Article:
One season, one goal, one dream.
The women's soccer team wanted nothing but to make it to the Mid-American Conference Tournament, according to many of its players. But one problem stood in its way -- a lack of experience.
So head coach Ron Rainey went outside the United States in look of leadership. He came back with one of the best players in Canada -- Julie Pigozzo.
Now a graduate student, Pigozzo dreamed of playing soccer in the United States since she was a schoolgirl. While Pigozzo played seven sports in high school, she said her love has been soccer.
"When I was little I was made fun of for playing soccer," Pigozzo said. "In Canada, it's just hockey, hockey, hockey. But my dad is Italian and that's the way I was brought up."
Pigozzo, a Guelph, Ontario, native suffered a torn anterior crucial ligament after her senior year in high school and many of the schools recruiting her in the United States decided not to pursue her. So instead, she enrolled at Dalhousie University in Ontario.
After sitting out a year to rehabilitate her knee, the 23-year-old forward led the Tigers to Canadian Interuniversity Athletic Union National Championships in 1999 and 2000, becoming the first school to repeat as CIAU champions.
Pigozzo was known for her style of play -- intense all the time. Pigozzo said that's what she has always done, trying to set the example for the team. And according to her father, Giuliano Pigozzo, her intensity level was that way in everything she did.
"It was always quite a challenge with her," Giuliano said. "She would always push herself so hard in every sport. I had to tell her to slow down and not over-do it."
Still, her father said Julie would not have it any other way.
"She always gave 150 percent of her own self for the team," Giuliano said. "But you only play as good as your team, and Julie has had some amazing teams to play for."
Those teams drove Julie to be the Atlantic University Athletic Association's leading scorer and Most Valuable Player in 2000, as well as All-CIAU -- Canada's version of the All-America team.
"I was really fortunate to keep having things stumble my way after my injuries," Julie said."I didn't really think about (the accomplishments), though. No one really plays for awards."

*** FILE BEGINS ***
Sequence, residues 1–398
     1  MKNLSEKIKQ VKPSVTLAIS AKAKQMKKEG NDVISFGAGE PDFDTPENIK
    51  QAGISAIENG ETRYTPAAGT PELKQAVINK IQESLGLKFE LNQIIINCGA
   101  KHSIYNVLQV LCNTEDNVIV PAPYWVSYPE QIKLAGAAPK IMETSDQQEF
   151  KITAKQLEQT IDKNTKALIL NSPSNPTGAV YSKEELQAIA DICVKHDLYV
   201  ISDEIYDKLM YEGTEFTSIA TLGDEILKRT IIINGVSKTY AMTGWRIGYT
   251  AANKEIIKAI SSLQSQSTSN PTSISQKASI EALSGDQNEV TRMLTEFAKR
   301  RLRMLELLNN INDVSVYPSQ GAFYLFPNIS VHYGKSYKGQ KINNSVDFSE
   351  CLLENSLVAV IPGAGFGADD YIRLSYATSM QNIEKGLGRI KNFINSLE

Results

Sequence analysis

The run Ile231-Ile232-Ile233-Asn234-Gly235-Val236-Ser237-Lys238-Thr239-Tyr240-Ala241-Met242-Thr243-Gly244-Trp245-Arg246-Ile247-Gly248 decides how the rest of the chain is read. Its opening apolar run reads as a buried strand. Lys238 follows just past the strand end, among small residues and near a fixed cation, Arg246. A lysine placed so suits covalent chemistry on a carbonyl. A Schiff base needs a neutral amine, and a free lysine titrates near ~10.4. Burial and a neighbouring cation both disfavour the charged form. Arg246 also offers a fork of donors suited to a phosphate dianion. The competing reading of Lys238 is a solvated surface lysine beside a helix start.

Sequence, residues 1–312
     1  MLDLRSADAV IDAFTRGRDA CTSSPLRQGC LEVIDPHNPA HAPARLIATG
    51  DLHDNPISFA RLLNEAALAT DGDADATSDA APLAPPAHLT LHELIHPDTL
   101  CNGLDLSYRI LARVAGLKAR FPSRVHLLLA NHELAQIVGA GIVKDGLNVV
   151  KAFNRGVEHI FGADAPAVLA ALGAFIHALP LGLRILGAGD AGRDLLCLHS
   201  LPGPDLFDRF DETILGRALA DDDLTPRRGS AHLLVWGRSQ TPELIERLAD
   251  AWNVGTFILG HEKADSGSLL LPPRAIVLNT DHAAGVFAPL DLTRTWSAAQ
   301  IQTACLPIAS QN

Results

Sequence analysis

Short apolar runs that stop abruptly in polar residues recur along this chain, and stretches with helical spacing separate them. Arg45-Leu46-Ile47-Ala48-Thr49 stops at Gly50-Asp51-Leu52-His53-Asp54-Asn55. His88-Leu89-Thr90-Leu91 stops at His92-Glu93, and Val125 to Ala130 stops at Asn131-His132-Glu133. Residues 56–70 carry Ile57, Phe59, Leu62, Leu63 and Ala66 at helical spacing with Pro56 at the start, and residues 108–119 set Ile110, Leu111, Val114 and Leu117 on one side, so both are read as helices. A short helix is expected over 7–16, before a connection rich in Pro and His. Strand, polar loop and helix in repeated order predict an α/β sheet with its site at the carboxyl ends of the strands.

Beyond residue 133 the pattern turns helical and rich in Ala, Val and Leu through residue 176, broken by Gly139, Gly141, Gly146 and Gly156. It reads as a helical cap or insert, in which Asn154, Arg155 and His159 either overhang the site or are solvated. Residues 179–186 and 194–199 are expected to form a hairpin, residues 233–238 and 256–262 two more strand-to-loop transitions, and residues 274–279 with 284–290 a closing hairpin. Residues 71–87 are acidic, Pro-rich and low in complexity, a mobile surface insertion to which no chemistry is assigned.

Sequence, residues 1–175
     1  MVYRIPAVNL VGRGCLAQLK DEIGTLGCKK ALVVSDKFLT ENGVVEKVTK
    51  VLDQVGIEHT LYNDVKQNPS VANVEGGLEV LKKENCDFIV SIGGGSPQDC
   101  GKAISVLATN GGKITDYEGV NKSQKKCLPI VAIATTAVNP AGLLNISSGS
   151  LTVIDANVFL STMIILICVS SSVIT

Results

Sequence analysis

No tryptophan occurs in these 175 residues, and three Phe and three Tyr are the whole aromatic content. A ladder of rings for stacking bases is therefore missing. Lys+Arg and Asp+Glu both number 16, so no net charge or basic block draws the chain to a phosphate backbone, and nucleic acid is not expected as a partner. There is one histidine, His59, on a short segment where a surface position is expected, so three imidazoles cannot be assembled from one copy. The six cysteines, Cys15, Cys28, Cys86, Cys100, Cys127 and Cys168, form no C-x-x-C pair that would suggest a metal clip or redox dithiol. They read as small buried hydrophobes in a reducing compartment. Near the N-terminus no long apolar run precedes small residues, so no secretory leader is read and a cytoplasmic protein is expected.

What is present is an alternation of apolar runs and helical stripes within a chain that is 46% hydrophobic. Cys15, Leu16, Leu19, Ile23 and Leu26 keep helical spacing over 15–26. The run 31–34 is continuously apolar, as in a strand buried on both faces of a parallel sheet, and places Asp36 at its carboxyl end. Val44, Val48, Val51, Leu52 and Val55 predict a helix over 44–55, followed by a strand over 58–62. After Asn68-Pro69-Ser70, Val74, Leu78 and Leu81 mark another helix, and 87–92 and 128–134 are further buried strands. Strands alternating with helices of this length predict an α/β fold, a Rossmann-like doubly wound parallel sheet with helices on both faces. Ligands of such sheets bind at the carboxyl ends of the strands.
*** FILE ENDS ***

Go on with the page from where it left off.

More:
But Julie's dream was to play in the United States, and following the 2000 season, she got her chance. Ball State's head coach Ron Rainey recruited Julie to be a leader on a young team lacking the experience and leadership it needed to compete in the MAC. And according to Giuliano, it was no surprise.
"She always had that quality of leadership with her teams," Giuliano said. "She always the did her best for the team to be at the top level."
According to Julie, she did not want to come into a program and make enemies by being arrogant.
"I really don't talk about (the championships) that much," Julie said. "If someone is interested and asking why I have two gold rings on my fingers, I tell them the feeling of what it's like. I don't think people would take that in a way that I'm trying to show them what it feels like to win."
Finally, after her final season this fall, Julie helped lead Ball State to its first-ever MAC Tournament where they lost to Ohio on Tuesday. Again, it was her trademark intensity that enabled her to lead the team with 19 points for the season on eight goals and three assists.
"I just looked back on my four years and realized it was over," Julie said with a tear in her eye following Tuesday's game. "I couldn't be any more proud to be a part of this team. They never gave up."
With Julie's sight set on a possible coaching position with Ball State next fall, she said she is looking to play soccer in Italy. Nonetheless, the senior who was brought in for leadership said she did a lot of learning over the season.
"Coach gave me a chance to play at the NCAA level," Julie said. "And my way of giving that back to him is by playing hard and trying to lead by example and give this team leadership.
"But playing for Ball State has opened my eyes."